Felix Baumgartner jump is hogging the limelight. He broke sound-barrier record and it will take years to equal or break it (video)
Felix Baumgartner, 43, skydived at supersonic speeds from 24.5 miles above the earth’s surface in his Red Bull Stratos space-suit on October 14 from Roswell, New Mexico. The max speed of his 4.19-minute freefall was calculated at 1,342.8 kmph or Mach 1.2 which is a new record at breaking the sound barrier by a man without the help of any machine.
The man of the moment, Baumgartner, was rather humble after the record-breaking feat and said that he didn’t attempt the devilish feat just to set a record. He also did it for the sake of science, one that could help space agencies like NASA build better spacesuits for astronauts.
The previous record made in 1960 by Joe Kittinger, a U.S. Air Force Captain, was no less daring. Kittenger pulled off the record jump from 31,333 metres. During the jump, Kittenger was the team advisor on the mission, and now he was the one to communicate with Baumgartner during the record-breaking skydiving feat.
Baumgartner’s feat was closely watched from all over the world via live views. Astronauts who watched the live Red Bull webcast took to microblogging site Twitter to express their happiness. Astronauts from the world over, including the USA and Europe sent congratulations to Baumgartner after he broke the sound-barrier with his freefall.
About the jump, Baumgartner compared it to the feeling of swimming without touching the water. Though there were violent twists and turns during the freefall, the Austrian daredevil kept his cool and more importantly his consciousness, to pull off the stunt.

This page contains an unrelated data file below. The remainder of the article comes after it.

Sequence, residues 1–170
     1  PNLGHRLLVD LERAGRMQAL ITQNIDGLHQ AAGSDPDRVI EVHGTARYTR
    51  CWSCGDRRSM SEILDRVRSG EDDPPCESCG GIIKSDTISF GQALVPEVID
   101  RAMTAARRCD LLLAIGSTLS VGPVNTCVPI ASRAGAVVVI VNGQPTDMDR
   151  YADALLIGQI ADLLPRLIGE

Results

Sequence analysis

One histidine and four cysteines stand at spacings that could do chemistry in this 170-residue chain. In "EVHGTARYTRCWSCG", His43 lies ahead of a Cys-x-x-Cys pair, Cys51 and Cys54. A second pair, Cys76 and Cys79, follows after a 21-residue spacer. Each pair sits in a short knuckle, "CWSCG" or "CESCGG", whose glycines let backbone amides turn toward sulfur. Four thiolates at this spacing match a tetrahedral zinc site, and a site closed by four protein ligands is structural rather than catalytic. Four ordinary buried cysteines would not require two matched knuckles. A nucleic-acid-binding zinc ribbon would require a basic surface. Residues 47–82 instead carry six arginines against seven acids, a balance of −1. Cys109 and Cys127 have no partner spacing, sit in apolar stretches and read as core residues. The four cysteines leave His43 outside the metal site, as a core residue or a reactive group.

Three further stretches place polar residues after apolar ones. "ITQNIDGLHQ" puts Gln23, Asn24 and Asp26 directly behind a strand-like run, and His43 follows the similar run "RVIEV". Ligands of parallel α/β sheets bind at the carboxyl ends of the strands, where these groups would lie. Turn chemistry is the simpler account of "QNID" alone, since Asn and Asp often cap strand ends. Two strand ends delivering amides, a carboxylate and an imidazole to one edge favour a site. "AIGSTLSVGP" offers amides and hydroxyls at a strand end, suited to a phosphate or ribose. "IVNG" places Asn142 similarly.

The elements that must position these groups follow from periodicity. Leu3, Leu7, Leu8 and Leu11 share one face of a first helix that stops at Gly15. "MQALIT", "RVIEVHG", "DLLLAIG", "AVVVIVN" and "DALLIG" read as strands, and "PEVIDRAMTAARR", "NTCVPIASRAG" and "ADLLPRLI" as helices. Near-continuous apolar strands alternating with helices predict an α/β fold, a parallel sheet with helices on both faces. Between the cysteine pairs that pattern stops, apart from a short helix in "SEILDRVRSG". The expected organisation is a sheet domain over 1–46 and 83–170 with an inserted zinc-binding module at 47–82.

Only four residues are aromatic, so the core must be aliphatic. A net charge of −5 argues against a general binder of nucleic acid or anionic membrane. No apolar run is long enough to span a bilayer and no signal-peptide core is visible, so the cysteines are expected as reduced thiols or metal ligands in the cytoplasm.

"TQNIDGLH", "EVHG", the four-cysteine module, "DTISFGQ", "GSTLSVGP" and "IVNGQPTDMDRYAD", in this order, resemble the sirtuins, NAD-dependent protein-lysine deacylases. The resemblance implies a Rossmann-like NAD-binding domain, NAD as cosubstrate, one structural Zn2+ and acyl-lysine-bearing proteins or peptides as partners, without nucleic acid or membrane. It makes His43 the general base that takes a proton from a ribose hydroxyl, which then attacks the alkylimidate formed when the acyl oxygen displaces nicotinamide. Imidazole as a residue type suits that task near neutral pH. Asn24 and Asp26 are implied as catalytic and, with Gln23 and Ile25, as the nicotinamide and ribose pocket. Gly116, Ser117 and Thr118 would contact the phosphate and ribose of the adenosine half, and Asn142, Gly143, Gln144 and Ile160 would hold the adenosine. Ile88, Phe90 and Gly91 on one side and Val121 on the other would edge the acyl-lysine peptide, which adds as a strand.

The capsule which took Baumgartner halfway to the edge of the space was carried up by a balloon. Nothing less than a record, the balloon measured 550 feet or 167 metres in height at take-off. The balloon was made from nearly transparent polyethylene or plastic strips about the same thickness as a dry cleaner bag, which are heat-sealed together. Though thin, the helium-filled balloon weighed around 3,000 lbs.
The balloon took two and a half hours to reach the desired height and Baumgartner took the leap from the capsule. The first 35 seconds saw the BASE jumper spin out of control dangerously but he gained control after that. Baumgartner later said that he was afraid all the way down after that as he tried to keep control of the freefall.
There was one problem, however, which Baumgartner and his team took the risk to ignore. The faceplate heater in the helmet was a bit problematic, but later Baumgartner said that it worked well. The risk paid off rather well.
The historic 4.19-minute freefall didn’t come easy as it looks. Skydiver Baumgartner and his team gave five years to prepare for the freefall. More than a record, the achievement will improve spacesuits for future astronauts and help medical science understand better how the human body copes under extreme conditions as Baumgartner went through.
At the end of the day, Felix Baumgartner and Red Bull stood tall on three record-breaking achievements – first freefall to break the sound barrier, freefall from highest altitude, highest manned balloon flight.